Arguing Semantics: HTML
Continuing on, sort of, from my previous post about semantics, I have come to a topic I deal with a lot. Semantic HTML. This is not a new idea by any means but it is something that many, many people seem not to care about at all. Even people claiming to care about Search Engine Optimisation (SEO), something to which semantic code makes a rather large improvement, often end up making very non-semantic pages.
The first thing is of course to try and separate content and presentation as much as possible. Things that govern how your page looks, and how it should be presented to various user agents (eg. web browsers) should be done in CSS. Splitting up the presentation from the actual content (your HTML) in this way usually increases the semantic meaning of the content, along with it's logical structure, as that's all that you need to concern yourself about when creating it. Tables should never, ever be used for the layout of content!
Next we have the correct use of HTML tags. I think the post The Definitive Guide to Semantic Web Markup for Blogs gives a great introduction to this concept and shows how it's useful for SEO purposes. Basically, the idea is to use the right tag for what you're trying to convey. Writing the main heading for the page? That's a
<h1> tag [level 1 heading]. Creating a list of items in no particular order?
<ul> [unordered list]. Oh, those are meant to convey a logical ranking (an order)?
<ol> [ordered list]. Want to emphasise some text?
This last point needs a bit of explanation. First of all, the italic tag shouldn't be used because it only conveys a modification of the font rendering, not any inherent meaning of the text itself. Furthermore, in languages other than English, a different font rendering may be applied to convey the same meaning and we all want to internationalise our HTML right? A similar argument goes for the difference between the
<b> (bold) and
<em> tag when I press the "i" button. As odd as that is, I don't mind because that's usually what I want. However, this is not always the case as the two tags are not semantically the same. Sometimes I'd like to use the italic tag to highlight a piece of text in a way that doesn't imply emphasis. The only example I can really think of right now is in bibliographies. Depending on what format you're using, various parts (such as a book's title) will be italicised. This really isn't intended to convey an emphasis on that information but is simply a visual effect. Whilst using a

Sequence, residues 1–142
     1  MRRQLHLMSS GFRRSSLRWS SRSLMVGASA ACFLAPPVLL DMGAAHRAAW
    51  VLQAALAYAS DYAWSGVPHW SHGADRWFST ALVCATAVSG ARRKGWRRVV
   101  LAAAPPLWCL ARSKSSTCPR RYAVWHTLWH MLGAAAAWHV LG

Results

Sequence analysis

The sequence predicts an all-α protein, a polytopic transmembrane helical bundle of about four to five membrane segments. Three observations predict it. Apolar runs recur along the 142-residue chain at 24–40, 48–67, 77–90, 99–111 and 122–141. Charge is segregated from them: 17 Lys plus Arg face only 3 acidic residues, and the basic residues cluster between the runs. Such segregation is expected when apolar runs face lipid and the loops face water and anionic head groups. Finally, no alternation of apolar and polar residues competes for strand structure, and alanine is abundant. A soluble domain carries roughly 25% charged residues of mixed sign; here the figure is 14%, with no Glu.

<span> for this and styling it appropriately later with CSS might be more appropriate I think it's too much overhead, thus I just go with a simple
<i> tag and be done with it. A better way might be to do something like this:
<span class="author">Smith, John</span>, <span class="title">Amazing Book</span>. <span class="publisher">Smith Inc.</span>.
Etc. Again, I think this is too much overhead but if you were using a content management system or something else to automatically generate the bibliography for you then it might be OK.
One thing that HTML "standardistas" often fall victim to is "div-itis".
<div> tags are all the rage right now. Together with
<span> tags they are seeing heavy use due to their almost non-existent semantic context (they have no real meaning) and are thus use for hooks for CSS stylings. Unfortunately they do still have some meaning. A
<div> implies a block of content. Indeed they are rendered as display: block by default in web browsers. It is usually not correct to wrap "naked text" in them. In the example above I used
<span> because that implies a span of text.
<div> should be used for structuring a page, whereas
<span> should be used for marking up text. Note that in HTML5 it may not be valid to place text directly inside a
I mentioned not using tables for layout before. Tables are still perfectly valid for situations when you want tabular data. When used correctly I think tables are great but HTML authors should keep in mind that there are a few more tags to go along with tables than just
<tr> (table row) and
<td> (table data – a cell). If you are using heading then these should be placed in the following way:
<thead><th>Column 1 Heading</th><th>Column 2 Heading</th></thead>
Note the use of
<th> rather than
<td>. Following that with a
<tbody> tag semantically breaks up the table body from the header. I used this structure for my post CPU Shootout: Intel vs. AMD so you can see what it looked like when styled nicely. For completeness there's also a
<tfoot> tag for table footers and you can view the other tags for tables at the W3C's site.
I'm sure there's a wealth of other topics to talk about here but this should be enough to get you started. I myself fall victim to non-semantic markup but I try to learn about how to make my work better whenever I can. this site should be testament to how my knowledge and understanding of HTML continues to evolve!